It was from this location in Berks County that Daniel Boone asked my fourth great grandfather Jacob Boone, Revolutionary soldier, to go to Kentucky in 1799, where they founded and surveyed the town of Maysville. Jacob is buried there in the Pioneer Cemetery. My grandmother, Anna Bell Boone, was born in Maysville exactly one hundred years after its founding. I look down at those under me and their places in history, and I think about how wonderful it is to know these things and to be in the places they have walked and lived.

I picked up three chestnuts that had fallen from an old tree there [and got them through security] to remember the three greats who lived on Boone land and were buried at the Exeter Meeting House.

Granny’s Sweet Potato Casserole

Here’s an oldie but a goodie, a Rhodes family favorite. And here’s to you, Louise Rhodes — you are missed. And here’s to all the grands who were at the table, scattered now from North Carolina to Tennessee to Texas! Not a Thanksgiving goes by that I don’t remember Louise’s sweet potatoes and Louise slinking under the table because of her Jack Daniels whiskey.

Granny’s Sweet Potato Casserole (published in Pink Butterbeans and also on the Jack Daniels website)

The day was festive—a fresh-cut bouquet of mums and daisies, white tapers, white tablecloth, crisp linen napkins, fine china, and sparkling silver. The air was thick with scents of freshly baked bread, sage, cinnamon, hazelnut coffee, and onion and apple stuffing. People with busy hands scurried about, interacting boisterously, against a backdrop of an oven door creaking, ice cubes clinking against crystal, spoons clanking, and an electric knife purring.

At noon, we all circled the long dining room table, the whole family, gathered to do what all families do on Thanksgiving Day—stuff themselves with turkey and all the trimmin’s. We piled our plates high with slices of roasted turkey, cornbread dressing, giblet gravy, mashed potatoes, corn pudding, green beans with canned French-fried onions on top, and sweet potato casserole. After grace, we dug in.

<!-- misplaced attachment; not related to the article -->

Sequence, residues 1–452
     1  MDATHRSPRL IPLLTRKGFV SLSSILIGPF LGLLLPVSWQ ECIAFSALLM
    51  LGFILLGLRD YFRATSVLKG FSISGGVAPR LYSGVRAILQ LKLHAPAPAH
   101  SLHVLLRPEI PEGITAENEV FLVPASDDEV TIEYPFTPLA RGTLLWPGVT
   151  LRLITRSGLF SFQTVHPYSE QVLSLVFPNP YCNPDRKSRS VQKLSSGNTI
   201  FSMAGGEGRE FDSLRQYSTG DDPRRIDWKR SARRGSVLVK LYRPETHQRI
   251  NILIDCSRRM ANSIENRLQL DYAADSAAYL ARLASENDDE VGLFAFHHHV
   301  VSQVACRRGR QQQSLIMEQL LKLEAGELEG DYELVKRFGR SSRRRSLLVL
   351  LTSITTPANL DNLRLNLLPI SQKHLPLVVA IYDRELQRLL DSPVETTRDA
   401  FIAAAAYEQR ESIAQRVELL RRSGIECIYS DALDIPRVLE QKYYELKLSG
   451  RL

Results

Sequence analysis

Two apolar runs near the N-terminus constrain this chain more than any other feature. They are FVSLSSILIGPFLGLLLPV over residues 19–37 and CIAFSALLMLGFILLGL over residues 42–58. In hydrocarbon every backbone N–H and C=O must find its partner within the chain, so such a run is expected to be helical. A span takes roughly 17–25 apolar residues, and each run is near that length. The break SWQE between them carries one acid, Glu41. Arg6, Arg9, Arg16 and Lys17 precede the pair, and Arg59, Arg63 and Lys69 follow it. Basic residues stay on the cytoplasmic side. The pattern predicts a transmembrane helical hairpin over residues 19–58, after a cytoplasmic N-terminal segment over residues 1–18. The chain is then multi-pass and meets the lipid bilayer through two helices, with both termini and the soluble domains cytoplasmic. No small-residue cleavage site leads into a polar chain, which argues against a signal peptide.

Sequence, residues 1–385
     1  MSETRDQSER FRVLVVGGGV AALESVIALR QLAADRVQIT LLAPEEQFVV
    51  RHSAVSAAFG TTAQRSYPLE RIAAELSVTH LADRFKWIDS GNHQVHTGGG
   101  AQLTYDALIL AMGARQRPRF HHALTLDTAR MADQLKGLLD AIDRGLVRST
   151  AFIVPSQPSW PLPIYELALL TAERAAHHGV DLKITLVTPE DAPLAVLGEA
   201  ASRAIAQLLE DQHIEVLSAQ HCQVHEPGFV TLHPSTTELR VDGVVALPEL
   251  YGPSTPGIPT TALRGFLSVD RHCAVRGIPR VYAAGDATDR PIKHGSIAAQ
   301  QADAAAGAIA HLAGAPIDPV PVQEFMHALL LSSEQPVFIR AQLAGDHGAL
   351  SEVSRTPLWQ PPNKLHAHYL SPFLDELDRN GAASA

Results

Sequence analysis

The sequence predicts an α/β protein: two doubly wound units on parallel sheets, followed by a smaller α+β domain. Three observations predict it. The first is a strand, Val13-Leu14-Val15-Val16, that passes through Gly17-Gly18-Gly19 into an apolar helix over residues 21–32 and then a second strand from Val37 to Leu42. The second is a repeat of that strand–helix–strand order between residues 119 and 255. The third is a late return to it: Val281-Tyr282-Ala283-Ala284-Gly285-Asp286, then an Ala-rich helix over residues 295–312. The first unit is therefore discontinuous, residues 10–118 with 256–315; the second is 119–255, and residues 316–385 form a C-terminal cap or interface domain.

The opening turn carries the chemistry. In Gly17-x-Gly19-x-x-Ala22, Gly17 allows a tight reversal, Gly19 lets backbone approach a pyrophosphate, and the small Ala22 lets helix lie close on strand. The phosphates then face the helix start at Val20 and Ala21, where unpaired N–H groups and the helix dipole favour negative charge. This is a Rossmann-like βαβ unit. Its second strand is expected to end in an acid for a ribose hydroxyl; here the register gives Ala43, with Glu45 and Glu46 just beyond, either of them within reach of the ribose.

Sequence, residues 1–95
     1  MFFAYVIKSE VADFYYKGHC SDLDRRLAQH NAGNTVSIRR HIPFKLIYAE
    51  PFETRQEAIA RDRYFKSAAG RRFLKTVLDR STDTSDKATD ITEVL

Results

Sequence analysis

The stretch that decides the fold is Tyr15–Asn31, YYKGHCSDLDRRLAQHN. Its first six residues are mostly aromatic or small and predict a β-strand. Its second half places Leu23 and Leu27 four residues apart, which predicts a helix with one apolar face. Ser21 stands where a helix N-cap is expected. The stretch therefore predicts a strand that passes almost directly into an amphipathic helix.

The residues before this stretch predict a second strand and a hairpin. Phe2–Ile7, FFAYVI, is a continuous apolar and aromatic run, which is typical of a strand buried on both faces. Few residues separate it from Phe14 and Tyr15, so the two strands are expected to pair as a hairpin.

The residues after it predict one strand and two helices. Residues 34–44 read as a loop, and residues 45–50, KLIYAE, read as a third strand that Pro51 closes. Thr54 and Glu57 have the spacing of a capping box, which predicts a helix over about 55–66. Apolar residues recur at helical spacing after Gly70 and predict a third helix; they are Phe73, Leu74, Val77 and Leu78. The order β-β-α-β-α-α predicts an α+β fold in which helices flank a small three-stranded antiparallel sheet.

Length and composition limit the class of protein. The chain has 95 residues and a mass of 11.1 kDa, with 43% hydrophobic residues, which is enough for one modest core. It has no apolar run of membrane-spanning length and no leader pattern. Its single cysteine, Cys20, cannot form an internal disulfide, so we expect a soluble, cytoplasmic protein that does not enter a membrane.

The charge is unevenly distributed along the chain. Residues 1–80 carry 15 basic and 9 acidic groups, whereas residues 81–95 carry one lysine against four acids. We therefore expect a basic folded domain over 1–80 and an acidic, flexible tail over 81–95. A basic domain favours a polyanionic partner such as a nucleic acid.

My younger son must have been building with Legos the day I tried to teach Tact & Manners, for he certainly didn’t exercise either that day. “Mama,” he blurted out, words shot from a cannon, booming through the air, bouncing off the high ceiling, echoing off the white walls, and hovering over the heads of aunts and uncles and siblings and cousins. “Did you put whiskey in the sweet potatoes?”

jack-daniels-black-label-old-no.7-gastroflasche-tennessee-whiskeyI knew full well that Granny brought the sweet potatoes. As I glanced across my glass of sweet tea, I glimpsed Granny shrinking, folding up, like a turtle drawing in its head. Her eyes fell, her head sank, her shoulders slumped, and she inched down until her chin was even with the tabletop, silver hair shining under the chandelier. Her face, barely visible, mirrored her holiday burgundy blouse. Very meekly, Granny defended herself, squeaking out a weak, “Well, the recipe called for it.” There you go. It was written up in a book, so it was okay.

With her admission of guilt, young bodies bolted forward, all the grandchildren at once, those over twenty-one and those under twenty-one, surged for a second helping of Granny’s whiskey sweet potatoes.

Seems that Granny had gone on a trip with the Methodist Church XYZ Club—or Xtra Years of Zest Club—to Lynchburg, Tennessee, home of the nation’s oldest registered distillery and Jack Daniels Tennessee Whiskey. Even though there were a few Baptist and Church of Christ folks along, the XYZ-ers toured the distillery. And Granny bought a cookbook, whiskey being the common ingredient in all the fine Southern recipes from cakes to casseroles. Granny couldn’t buy whiskey at the distillery to put in her recipes, for Lynchburg is in a dry county. They only make it, bottle it, and ship it from there. But Granny slipped away from the other XYZ-ers in another county and bought herself a bottle of the Old Time, Old No. 7 Brand Sour Mash, made and mellowed, distilled and bottled in Lynchburg, population 361. “Whiskey made as our fathers made it for 7 generations.”

Granny sat low in her chair the rest of the meal, for she knew she put a generous helpin’ of whiskey in her sweet potato casserole. And although all good cooks know that the alcohol cooks off and only the flavorin’ is left, the grandchildren were not allowed to drive the rest of the day.

In the spirit of tradition, every Thanksgiving, the grandchildren still ask far in advance, “Are we having Granny’s sweet potato casserole?”